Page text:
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Listening to Parents: Strategies for Hearing Those We Serve

Lucille Rivin
Lucille Rivin
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When asked what listening is or how we can listen better, I think most of us picture an individual focusing on what another is saying. But for parents communicating with our children's schools, there often isn't one individual with whom we communicate on all topics. Similarly, from a school's perspective, with a team of staff members focusing on different aspects of school services, it's not always evident who is listening to which parental needs or whether the information is finding its way to the right person or department. 

Some school districts—New York City schools are a good example—have created a key position designated as liaison with parents. In NYC it is the Parent Coordinator, whose job invariably includes parent outreach, and may also encompass as great a variety of additional services to the school as there are schools in the city.

A designated person to be liaison with parents is one approach to connecting with parents. But Parent Coordinator or not, how can a school best listen to the student population’s parents, guardians, and families? Try some of the strategies below. (For purposes of this article, "parents" refers to guardians and families as well.)

 

Early and Often. Start listening from your first contact, when parents enroll their children in school. Welcome them and engage them in conversation not just about their child and the school, but also about their own interests and concerns. Make a habit of building on these relationships at every opportunity: school events, parent-teacher conferences, PTA meetings, or visits to the school for any reason are all opportunities for listening and relationship-building. 

Full Attention. Whether talking to parents on the phone or in person, give them your full attention. It is so easy be distracted by the many other things you may have on your plate. You have class to teach in 20 minutes or a report to write about an incident or a planning meeting tomorrow morning for which you are not yet prepared. Let it all go, stay present with the parent, and truly listen.

Deep Between the Lines. Listen to what parents say with an open heart, regardless of whether they go off topic or your own expectations. When a parent repeats something a few times, that’s a good clue to what is important. It’s important to leave your assumptions at the door to do this successfully. At one meeting about an incident between students, a parent that school administrators expected to give them a hard time said three times that she wanted to ensure her child did not get hurt. She was asking the school to keep her child safe above all, but everyone was so busy being intimidated that it wasn’t clear if they heard her, and no one answered her concern directly.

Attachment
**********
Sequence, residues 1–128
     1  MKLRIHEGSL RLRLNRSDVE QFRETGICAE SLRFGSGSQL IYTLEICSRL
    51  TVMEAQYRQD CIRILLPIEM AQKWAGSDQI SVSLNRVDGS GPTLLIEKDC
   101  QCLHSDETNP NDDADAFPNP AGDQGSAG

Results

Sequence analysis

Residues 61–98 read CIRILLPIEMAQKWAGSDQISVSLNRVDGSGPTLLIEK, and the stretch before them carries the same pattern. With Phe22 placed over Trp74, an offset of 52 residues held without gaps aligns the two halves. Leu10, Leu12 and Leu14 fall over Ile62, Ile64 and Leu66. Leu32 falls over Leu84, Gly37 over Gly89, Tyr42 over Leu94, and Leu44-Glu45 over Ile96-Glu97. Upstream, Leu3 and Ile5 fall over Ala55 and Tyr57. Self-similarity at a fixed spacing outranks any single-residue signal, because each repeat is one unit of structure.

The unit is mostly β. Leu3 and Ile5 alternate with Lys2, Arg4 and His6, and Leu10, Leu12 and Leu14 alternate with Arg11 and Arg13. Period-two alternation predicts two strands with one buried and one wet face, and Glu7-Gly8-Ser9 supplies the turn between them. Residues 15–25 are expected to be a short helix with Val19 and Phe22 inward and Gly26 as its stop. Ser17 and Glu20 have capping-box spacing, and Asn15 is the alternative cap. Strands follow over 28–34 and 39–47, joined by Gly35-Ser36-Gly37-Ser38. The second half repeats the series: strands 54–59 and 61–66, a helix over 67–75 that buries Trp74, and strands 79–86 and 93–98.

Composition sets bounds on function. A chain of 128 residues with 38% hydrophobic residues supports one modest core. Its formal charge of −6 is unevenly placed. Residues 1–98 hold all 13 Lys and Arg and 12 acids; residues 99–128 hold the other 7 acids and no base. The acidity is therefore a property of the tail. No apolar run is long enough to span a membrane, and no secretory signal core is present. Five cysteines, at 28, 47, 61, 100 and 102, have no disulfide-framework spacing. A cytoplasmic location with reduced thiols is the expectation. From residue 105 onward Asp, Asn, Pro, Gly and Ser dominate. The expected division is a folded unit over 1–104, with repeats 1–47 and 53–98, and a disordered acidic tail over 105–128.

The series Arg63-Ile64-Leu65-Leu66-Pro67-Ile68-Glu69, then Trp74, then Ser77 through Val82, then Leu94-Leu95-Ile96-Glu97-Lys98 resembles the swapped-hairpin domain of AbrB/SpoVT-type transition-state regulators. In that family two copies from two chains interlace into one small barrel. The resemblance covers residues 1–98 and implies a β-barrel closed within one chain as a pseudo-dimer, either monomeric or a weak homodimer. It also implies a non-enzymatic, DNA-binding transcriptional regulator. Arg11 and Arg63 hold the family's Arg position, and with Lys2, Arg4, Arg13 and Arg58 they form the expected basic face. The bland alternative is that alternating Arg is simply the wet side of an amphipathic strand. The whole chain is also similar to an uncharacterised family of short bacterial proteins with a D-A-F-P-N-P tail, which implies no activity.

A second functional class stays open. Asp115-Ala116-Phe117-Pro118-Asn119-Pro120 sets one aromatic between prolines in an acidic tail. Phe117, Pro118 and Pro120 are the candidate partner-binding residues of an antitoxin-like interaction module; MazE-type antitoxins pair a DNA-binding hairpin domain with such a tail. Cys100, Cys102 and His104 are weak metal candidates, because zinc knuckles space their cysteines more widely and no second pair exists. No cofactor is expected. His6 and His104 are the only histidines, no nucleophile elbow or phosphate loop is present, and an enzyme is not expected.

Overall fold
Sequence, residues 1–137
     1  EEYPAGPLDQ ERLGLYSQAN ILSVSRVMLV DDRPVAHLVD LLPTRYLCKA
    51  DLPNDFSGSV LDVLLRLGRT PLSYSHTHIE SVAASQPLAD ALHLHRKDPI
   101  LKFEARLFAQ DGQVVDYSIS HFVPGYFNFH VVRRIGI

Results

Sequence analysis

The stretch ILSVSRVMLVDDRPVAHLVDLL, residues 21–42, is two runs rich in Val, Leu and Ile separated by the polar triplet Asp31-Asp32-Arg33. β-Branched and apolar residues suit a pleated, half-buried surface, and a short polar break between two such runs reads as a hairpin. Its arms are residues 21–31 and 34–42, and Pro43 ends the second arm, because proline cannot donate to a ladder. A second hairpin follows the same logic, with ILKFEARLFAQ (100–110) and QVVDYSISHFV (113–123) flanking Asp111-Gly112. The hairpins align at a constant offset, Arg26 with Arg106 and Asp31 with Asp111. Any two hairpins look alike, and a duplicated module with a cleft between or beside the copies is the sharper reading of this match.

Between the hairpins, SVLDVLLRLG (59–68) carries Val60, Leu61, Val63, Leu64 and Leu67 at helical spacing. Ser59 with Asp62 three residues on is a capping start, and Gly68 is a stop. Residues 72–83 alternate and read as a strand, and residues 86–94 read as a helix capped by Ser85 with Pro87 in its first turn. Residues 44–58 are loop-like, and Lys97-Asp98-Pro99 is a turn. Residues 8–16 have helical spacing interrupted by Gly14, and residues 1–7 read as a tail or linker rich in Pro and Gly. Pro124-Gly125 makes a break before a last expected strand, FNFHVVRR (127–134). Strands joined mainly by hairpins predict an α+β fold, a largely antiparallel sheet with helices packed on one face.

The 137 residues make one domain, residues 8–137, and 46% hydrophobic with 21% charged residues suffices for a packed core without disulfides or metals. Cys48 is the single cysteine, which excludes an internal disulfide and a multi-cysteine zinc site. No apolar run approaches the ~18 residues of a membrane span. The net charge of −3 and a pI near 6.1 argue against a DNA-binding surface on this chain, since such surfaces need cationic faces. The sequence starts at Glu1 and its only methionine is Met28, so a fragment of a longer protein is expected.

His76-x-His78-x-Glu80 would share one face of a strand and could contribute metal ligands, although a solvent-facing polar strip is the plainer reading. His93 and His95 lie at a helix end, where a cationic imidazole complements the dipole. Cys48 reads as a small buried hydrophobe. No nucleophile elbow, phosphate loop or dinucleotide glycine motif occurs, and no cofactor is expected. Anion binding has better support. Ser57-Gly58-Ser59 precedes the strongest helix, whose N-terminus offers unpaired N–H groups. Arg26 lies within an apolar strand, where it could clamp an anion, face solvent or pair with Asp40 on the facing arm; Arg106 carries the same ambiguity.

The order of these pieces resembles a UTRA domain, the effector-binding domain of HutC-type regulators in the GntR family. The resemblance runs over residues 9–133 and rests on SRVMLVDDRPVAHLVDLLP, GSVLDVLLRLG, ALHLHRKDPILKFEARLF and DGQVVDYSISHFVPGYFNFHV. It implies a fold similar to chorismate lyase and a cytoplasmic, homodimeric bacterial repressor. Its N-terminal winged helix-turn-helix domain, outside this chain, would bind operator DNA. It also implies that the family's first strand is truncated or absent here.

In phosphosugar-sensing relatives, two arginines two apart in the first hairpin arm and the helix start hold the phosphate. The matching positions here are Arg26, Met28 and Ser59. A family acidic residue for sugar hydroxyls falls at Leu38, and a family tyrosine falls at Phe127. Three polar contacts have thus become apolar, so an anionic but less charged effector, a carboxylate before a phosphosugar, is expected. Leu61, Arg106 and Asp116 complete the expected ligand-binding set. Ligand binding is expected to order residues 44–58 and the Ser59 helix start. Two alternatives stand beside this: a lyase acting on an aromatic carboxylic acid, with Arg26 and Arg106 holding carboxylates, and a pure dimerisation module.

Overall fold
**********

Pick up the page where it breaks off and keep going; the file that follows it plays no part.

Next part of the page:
Directly and Indirectly. Parents communicate by what they say and do, and by what they do not say or do. Do some parents stay away from all school events? Do some parents attend but not participate? What is the reason? Maybe they speak a different language and are uncomfortable in a large group setting. Pick up on the cues that these parents offer so you can listen intentionally to specific needs and connect with parents individually as necessary.

Translate. Find out what languages your parents speak. Translate all materials sent home and have interpreters on-hand for events with parents. Parents will appreciate it and are more likely to show up and to communicate about their needs and their concerns about their children if they truly feel like the school is doing its best to listen.

Involve the Students. Students can be your strongest allies in communicating with their parents. Find out parents’ scheduling needs from the students—they know when parents work, what family obligations and other needs they have, and what would persuade parents to come to school events. Listening to students’ perspectives and knowledge about their families empowers them to take on a role of responsibility as they share their family expertise.

Keep Track. Create a system to compile the knowledge you gather about parents so you can refer to it for your next contact with them. Remind yourself of their names and key information that you heard, then ask them about those interests or their other children: they’ll know you are really listening. 

 

Do you have other suggestions about how to ensure your school is listening to parents? Any challenges you have yet to overcome? Share them below! We’d love to celebrate your successes and troubleshoot whenever needed.

 

 

"Listening to Parents: Strategies for Hearing Those We Serve", The Leadership Program, Inc. 2016

 

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Lucille Rivin

By Lucille Rivin

Currently Director of Curriculum and Project Development, Lucille Rivin has worked at The Leadership Program (TLP) for over 15 years. As Project Manager, Lucille oversaw the expansion of TLP’s Violence Prevention (VPP) program to comprise programs in Arts, Character Education, Advisory, and more. Under Lucille’s management VPP achieved model program status with OJJDP's MPG and SAMHSA's NREPP, national evidence-based assessors.